• Jeffrey on said:

      I always thought it was a slang term that caught on. Lead was (and I guess is still) sold by the pound and it took 38 of that size round to equal a pound. So if you were ordering that size shot you would ask for 38’s.

    • Robert Dillon on said:

      Cap and ball revolvers are not muzzleloaders

  4. I just want to know what the average price is for buying a 38 special at any gun store is.

    • JH on said:

      They always say that there are no stupid questions… well, there’s an exception to every rule… and yours is that exception.

      That’s like asking what the going rate for a 4 door car is or what does a 3 bedroom house cost.

      • USPIS guy on said:

        He asked for an average. Don’t be a jerk.

        To the original poster, just check prices around your local gun shops. They can vary depending on the brand and if they’re on sale. There’s a lot of the same sized bullets but with higher velocity powders or casing metals etc. You can also get various styles of shot like hollow point etc which all cost differently.

        Best is to shop around and then make an educated purchase.

        Hope that helps. The previous poster should learn a bit about manners and treating others with respect.

    • Luke on said:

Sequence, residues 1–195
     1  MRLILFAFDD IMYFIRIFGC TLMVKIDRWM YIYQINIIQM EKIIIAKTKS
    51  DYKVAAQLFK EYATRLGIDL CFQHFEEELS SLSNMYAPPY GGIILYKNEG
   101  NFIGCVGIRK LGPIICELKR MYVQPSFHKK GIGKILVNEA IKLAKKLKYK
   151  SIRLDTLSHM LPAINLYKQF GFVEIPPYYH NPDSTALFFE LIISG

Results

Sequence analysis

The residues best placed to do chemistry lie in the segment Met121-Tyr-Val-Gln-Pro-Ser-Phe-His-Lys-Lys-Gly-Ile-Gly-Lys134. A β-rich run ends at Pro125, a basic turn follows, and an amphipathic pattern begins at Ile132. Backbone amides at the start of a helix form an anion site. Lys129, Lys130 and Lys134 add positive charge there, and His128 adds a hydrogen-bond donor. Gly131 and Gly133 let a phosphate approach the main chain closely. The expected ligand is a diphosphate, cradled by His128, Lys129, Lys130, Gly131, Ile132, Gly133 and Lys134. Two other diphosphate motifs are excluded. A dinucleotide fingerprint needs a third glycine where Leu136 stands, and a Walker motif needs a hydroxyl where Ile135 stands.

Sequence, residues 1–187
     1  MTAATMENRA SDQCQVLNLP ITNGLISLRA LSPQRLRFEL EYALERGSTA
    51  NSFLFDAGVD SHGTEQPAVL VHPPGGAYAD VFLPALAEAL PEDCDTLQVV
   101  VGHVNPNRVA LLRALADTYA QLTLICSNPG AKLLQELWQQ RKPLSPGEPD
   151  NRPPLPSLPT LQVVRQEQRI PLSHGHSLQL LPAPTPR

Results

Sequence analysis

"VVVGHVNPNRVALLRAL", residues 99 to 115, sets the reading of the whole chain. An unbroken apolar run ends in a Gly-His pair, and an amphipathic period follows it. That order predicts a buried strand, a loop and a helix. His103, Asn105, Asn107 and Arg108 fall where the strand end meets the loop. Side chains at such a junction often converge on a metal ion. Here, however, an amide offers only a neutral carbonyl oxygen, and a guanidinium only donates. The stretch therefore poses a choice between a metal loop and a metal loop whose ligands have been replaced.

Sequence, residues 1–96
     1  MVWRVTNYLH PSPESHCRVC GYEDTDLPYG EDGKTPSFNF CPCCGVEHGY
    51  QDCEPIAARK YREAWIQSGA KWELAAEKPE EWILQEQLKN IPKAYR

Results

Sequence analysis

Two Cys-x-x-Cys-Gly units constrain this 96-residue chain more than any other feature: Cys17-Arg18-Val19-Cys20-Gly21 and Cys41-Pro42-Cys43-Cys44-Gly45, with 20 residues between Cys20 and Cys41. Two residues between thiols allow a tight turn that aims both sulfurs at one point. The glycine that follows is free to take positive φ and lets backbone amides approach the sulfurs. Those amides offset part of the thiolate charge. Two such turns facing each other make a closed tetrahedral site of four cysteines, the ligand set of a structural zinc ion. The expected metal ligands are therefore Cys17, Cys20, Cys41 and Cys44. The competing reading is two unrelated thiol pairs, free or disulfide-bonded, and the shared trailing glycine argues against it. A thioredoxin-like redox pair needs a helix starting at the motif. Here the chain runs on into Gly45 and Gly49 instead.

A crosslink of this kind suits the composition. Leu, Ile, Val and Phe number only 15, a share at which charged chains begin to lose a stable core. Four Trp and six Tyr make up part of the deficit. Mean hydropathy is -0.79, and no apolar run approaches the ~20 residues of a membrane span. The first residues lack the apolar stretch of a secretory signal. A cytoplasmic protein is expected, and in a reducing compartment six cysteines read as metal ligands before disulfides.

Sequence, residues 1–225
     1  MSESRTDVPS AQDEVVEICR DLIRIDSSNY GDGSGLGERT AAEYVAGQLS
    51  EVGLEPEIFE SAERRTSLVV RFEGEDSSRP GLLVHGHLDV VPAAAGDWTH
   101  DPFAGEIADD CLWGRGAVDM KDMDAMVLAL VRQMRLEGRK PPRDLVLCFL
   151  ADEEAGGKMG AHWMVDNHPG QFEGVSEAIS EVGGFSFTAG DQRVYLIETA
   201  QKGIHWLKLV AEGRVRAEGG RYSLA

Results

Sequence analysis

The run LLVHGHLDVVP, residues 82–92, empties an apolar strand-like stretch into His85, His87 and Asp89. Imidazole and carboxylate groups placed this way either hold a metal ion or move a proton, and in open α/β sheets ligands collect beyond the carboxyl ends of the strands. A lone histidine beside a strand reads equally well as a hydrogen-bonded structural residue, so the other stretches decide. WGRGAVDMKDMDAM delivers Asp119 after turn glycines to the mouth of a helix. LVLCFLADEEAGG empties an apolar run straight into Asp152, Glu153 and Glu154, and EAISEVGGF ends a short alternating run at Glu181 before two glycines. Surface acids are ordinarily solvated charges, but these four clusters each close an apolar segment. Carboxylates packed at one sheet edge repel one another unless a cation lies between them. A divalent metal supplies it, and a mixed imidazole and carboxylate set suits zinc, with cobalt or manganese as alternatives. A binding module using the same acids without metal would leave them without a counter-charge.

I got mine for 300 but usually they’re about 350-450 range, depending on if you want your balls when you leave a pawn shop lol

  5. lefty on said:

    just stumbled on the website, good info. am curious about the .357mag vs .38 special comment about higher pressures will be not a good scene with the .357 in the .38s. does that apply to the .38+P as well?

  6. Kevin R on said:

    Thanks for the information I new all but the history of the .38 I have both .38 and .357 when I recently puchesed my .38 I tryed to put a .357 round in it just to see and was glad when it hung up on the ejector. Very good not much of a chance for an accident there. I also fire .38s through my .357 when out plinking its a much cheaper round then the .357.thanks. Kev

  7. Joshua on said:

    I did not know that so I learned something new which is why I came to this site. Also .38 special ifs by far my favorite pistol

    • Bill on said:

      My favorite too. Love my 642 snubby. I replaced the stock rubber grips with traditional wood S&W J frame grips as I prefer old school looks; sexy! :)
      158 grain HP year round and 90 grain fragmenting old style cop ammo in the summer out of my 1.8 inch barrel. With my 4 inch I use 110 grain +P’s and feel well protected.
      Great article inspire of the creative license about the military history. According to U.S. Army history the failure of the .38 S&W resulted in the re-issue of the .45 L.C. and SAA Colt; not the “.38 special”. Still a good article overall! Make mine a .38 Special!

    • Luke on said:

      I got one for my mom after I shot it several times, I debated getting rid of it haha and I’m not THAT guy, but it’s a revolver, not a pistol :p

  8. Joe on said:

    The 357 won’t fit into a .38sp – the case was purposely made too long for safety. A .38sp will fit into a 357 magnum revolver, however.